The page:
STEVE: It’s not necessarily a herding problem in my mind. Certainly, it is pretty prevalent in the herding breeds, of course. But again, it all has to do with stimulation. Usually, with cars, it’s down to the motion. There’s the big woosh. I’d be willing to bet that this particular dog – again, just throwing it out there – if an excited dog ran by quickly or something else went by quickly, that would also spark its interest. It’s probably more the motion than anything else.

 

Again, I don’t know the setup for this dog in terms of what they have in terms of space. I like to spend time, again, teaching what I call a “leave it” command. “Leave it” has a very specific meaning. It means look away from what you’re looking at and check back in with me, look at me. It doesn’t mean stare at me.

 

The reason I qualify that is people want to do something that requires the dog to look at you the whole time, but we need to think about this from the dog’s perspective. That dog is either excited or worried or interested about whatever that thing is that’s going by really, really fast. I don’t want to create tension in the dog and anxiety in the dog because they feel like they have to look at me the whole time when what they really want to do is look at that thing.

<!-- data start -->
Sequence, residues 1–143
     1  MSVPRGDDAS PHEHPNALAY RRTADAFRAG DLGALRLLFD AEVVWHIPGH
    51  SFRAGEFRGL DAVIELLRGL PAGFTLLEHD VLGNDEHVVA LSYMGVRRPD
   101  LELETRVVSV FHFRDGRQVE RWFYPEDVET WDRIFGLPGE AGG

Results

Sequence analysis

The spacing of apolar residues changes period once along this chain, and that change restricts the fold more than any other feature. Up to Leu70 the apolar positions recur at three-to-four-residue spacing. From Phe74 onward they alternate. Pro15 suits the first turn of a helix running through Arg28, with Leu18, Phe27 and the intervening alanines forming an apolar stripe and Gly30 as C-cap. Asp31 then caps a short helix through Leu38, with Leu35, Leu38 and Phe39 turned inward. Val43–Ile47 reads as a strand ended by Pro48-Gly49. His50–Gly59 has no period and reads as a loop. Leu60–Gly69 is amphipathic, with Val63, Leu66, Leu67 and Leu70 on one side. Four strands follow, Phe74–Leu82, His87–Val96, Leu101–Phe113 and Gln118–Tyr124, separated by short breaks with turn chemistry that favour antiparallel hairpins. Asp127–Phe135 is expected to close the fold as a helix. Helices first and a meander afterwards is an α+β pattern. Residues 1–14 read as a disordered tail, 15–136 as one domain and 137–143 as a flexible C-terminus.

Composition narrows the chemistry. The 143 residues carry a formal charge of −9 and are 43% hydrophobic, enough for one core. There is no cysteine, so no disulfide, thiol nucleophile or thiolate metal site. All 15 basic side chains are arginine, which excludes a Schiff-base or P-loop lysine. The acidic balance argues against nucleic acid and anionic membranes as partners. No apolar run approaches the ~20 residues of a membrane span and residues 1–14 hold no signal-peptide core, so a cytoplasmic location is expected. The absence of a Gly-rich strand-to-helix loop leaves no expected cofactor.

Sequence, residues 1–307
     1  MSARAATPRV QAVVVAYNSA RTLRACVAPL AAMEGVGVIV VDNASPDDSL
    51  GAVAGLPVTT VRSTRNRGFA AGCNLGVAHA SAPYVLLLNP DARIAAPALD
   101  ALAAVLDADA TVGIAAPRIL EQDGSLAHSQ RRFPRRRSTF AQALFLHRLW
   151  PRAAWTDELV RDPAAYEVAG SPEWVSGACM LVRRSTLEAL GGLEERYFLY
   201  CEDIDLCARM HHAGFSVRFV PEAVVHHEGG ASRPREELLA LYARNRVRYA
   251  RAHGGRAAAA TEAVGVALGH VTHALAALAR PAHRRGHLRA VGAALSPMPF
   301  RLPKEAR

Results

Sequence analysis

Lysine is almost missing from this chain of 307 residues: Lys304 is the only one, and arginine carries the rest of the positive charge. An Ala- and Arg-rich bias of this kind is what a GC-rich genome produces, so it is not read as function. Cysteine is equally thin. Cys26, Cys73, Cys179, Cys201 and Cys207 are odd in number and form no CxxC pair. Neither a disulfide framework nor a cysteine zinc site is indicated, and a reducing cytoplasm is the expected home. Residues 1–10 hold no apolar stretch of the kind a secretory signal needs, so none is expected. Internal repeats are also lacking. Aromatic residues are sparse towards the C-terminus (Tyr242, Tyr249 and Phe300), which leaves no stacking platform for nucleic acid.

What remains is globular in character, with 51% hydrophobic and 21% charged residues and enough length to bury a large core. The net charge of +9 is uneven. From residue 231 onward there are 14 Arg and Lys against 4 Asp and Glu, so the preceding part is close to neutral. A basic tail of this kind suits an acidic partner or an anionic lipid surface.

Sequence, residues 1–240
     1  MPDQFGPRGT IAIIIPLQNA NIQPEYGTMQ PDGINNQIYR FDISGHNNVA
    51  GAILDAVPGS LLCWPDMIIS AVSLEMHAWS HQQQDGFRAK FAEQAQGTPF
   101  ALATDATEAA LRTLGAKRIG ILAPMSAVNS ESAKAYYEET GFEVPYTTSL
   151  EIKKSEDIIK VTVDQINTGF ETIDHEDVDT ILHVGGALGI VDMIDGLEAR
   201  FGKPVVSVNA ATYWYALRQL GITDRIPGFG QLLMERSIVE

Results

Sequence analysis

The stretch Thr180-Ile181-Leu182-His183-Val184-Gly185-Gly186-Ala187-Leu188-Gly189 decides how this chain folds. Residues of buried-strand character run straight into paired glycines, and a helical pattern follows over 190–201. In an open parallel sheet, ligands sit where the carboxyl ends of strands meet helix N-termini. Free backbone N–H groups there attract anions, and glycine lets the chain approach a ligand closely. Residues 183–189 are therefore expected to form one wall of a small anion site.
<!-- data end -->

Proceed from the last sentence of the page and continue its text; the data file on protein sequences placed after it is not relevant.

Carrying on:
What I want my dogs to do is, if you see something that’s really exciting, instead of reacting and running on the leash or pulling or anything like that, I want you to check in with me. I want you to look at me just for a second, and then I will give you direction. Because there may be times, if you’re herding, with our herding people, I need my dog to lie down, and then I will need to give him permission to move away or go to left side or whatever. Same thing in agility. If we’re on a start line, I know my dog is excited, but I want to make sure they know where they’re going.